Playa de la Fajana is one of most virgin and most isolated Surf beaches of Tenerife. To try to get there is certainly worth the hassle.
We spotted the surf beach of la Fajana for the first time from inside the old Gordejuela ruin.
Some youngsters in their late teens or, middle twenties climbed down to this insider surfer beach from the awesome cliff above.
My friend and I were flabbergast when we followed their careful movements on the most awkward rocks of an almost 180 degree cliff. They were agile like mountain goats. They carried surf boards.
At times, they were lifting their colorful boards over and around green bushes. The most amazing flora grows in those so called protected spaces de Castro by the Westcoast sea.
Oh, and there was a tent down there, too. Perhaps, it belonged to somebody who tried to avoid to master the difficult ascent.
We heard that there is a pick-nick spot and a barbecue area. That's much likely. However, no amenities whatsoever... You bring your water and food.
This must be a great surfer beach, though, otherwise the guys wouldn't take the trouble to get to it.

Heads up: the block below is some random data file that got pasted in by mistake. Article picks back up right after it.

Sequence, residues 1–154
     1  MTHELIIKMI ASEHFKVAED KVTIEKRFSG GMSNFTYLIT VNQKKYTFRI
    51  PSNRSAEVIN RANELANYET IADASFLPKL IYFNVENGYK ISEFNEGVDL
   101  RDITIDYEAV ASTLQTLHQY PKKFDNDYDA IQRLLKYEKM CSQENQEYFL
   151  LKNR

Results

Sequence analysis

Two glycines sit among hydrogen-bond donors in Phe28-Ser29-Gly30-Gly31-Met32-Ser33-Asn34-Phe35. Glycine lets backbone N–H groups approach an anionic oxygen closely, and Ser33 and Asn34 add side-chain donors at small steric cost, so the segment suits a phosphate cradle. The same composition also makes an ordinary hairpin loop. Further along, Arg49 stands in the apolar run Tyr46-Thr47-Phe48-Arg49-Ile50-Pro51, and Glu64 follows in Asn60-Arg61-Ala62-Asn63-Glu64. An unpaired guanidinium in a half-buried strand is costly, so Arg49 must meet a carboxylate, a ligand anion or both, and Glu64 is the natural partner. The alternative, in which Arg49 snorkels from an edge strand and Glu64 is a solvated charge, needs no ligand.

We were only lucky to discover this beach called Playa La Fajana, as we could see it from the old ruin.
It's said that there is another long but difficult access from Castro beach via a tunnel.
The Fajana surf beach looks tiny from high up in the ruin. It also also appears to be rough and dangerous in winter. Not withstanding, it's a rather big beach, so they say.
It's bigger than Playa de Castro and Playa del Camelo, both of which are on the same Realejos coast. Only Playa del Socorro may match it. But that's hidden. It's behind the cap after el Guindaste, as it's in the next bay.
By the way, this coastal photo was taken in winter. Playa del la Fajana shows no fine sand at this time of the year. Sand is the luxury of summer with most virgin beaches in the north.
Above is a picture with the ruin of La Gordejuela which lends an extra air off romance to the intriguing Fajana beach.
Marvel at the indigenous plants that grow on the cliffs above the Fajana beach. A pity that a highly interesting article by Dacil about the steam pump mechanism of the Gordejuela of 1903 is in Spanish. It points out the immense richness of water in this location. This fact seems to confirm the legend of the Garachico refuges. They took shelter at the Gordejuela during the 40 day eruption of the Trevejo in 1703. I mentioned this before in the context of important Guanche history Tenerife of this region. Dácil also accentuates the sensation created by the firm Hamilton who built this first one of a kind steam engine in Tenerife. It could carry 4800cbm of water a day to fields 4km above on the slopes.
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